I love this bitterly sardonic, spiritually restless American documentary, which questions the way that the rich, white residents of Coachella Valley have essentially rewritten the local Paiute residents' historical narrative and connection with this iconic American desert. In a short amount of time, director Robinson Devor paints a vivid picture of what this land used to mean to its residents, and what it now looks like using brief, but pinpoint-sharp interviews with local historians and residents. I had no idea what to expect from this film, but am so glad I heeded the recommendation of New Yorker critic Richard Brody. Don't read a lot about this one, just find it, and watch it.
This spoiler-filled Letterboxd review seems to be popular. Why not read that, if you must read anything? It's on Netflix. Don't you have Netflix? Turn on Netflix. Now I'm just talking for the sake of meeting my 75-100 word per capsule rate. Where was I? Hm. You ever write something just so you don't have to ever think about the thing you're writing about ever again? But not, like, in a bad way, just because you need to get your thoughts out of your system? And then you never want to think about what you wrote about again, not unless you're directly confronted with/looking at the thing you wrote about? Yeah, me neither.
2. "Sorry to Bother You"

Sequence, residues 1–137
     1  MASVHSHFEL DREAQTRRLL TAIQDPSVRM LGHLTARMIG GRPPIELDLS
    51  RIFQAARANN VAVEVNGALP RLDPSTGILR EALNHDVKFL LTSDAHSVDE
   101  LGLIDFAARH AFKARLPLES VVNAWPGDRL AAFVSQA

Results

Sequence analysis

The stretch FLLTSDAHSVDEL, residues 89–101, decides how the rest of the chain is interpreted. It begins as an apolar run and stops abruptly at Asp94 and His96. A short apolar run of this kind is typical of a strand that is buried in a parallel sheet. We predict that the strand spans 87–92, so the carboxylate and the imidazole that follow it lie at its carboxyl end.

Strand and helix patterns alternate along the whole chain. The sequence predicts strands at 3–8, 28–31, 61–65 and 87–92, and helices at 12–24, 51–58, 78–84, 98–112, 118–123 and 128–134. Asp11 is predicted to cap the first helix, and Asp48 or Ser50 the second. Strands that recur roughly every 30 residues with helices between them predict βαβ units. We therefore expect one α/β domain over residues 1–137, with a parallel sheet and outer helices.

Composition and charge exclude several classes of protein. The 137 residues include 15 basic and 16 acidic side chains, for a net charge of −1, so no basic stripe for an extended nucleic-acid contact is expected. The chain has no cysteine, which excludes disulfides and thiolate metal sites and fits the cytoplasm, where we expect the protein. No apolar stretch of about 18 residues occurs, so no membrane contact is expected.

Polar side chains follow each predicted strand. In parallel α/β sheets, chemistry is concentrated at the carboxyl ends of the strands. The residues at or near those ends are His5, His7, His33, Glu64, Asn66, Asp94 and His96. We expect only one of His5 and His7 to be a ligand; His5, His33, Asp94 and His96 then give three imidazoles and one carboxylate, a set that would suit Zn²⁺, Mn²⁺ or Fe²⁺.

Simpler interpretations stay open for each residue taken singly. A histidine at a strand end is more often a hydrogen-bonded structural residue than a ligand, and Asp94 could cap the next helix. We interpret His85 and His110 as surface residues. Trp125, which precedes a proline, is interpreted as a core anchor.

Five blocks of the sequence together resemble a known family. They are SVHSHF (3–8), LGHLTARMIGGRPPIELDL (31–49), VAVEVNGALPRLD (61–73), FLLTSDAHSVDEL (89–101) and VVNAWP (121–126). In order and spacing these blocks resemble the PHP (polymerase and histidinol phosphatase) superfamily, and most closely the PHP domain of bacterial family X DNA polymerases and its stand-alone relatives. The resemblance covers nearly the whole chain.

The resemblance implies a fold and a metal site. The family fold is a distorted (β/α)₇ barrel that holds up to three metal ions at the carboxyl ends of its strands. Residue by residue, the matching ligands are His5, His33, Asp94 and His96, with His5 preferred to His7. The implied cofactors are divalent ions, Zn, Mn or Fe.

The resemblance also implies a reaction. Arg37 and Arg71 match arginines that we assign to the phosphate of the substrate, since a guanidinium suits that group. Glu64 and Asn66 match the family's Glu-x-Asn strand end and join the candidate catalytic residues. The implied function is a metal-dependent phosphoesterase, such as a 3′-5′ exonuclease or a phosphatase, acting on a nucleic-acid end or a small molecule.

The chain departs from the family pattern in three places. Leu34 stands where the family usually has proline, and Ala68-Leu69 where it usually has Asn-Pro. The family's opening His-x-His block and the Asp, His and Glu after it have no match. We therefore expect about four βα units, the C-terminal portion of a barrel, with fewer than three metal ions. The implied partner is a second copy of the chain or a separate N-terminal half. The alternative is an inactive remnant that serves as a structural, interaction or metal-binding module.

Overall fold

I saw "Sorry to Bother You" a few weeks after it came out. I sat near the screen, as I've grown to like doing lately (I don't have to see or hear my fellow moviegoers and it makes the images on the screen look bigger). I hadn't read much about "Sorry to Bother You," but was aware that it was an out-there comedy about racial passing and how hard it is to get ahead in a system that's rigged to keep you in your place. Sort of like Mike Judge, only written and directed by rapper Boots Riley. Then I saw "Sorry to Bother You" and, well, *pantomimes an emerging mushroom cloud exploding from his earholes*.
1. "Bisbee '17"
I ran out to see this unusually structured American documentary after it earned overwhelming praise at film festivals like Sundance, True/False, and Hot Docs. Again, I hadn't read much about this film, nor had I seen any other movies by director Robert Greene ("Kate Plays Christine," "Actress"), though I have read that in those earlier films, Greene also ostentatiously repeats and deconstructs a neat progress narrative version of historical events. "Bisbee '17"—a documentary set in a ghost town on the Arizona-Mexican border—definitely fits that M.O. Greene gives serious consideration to the ways that a small town community has tried (and mostly failed) to move beyond its dark past. And in making this film, Greene gives his subjects an opportunity to think and/or defend their shared history. Moving, unsparing, and deeply satisfying: go, run, see for yourself.